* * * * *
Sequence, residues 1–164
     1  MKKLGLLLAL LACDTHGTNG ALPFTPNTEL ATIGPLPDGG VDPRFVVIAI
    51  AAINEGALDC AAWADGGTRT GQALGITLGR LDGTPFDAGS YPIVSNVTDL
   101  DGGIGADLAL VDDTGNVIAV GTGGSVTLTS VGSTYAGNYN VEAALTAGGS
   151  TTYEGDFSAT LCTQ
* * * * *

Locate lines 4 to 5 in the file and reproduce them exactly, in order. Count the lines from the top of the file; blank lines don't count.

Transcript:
   101  DGGIGADLAL VDDTGNVIAV GTGGSVTLTS VGSTYAGNYN VEAALTAGGS
   151  TTYEGDFSAT LCTQ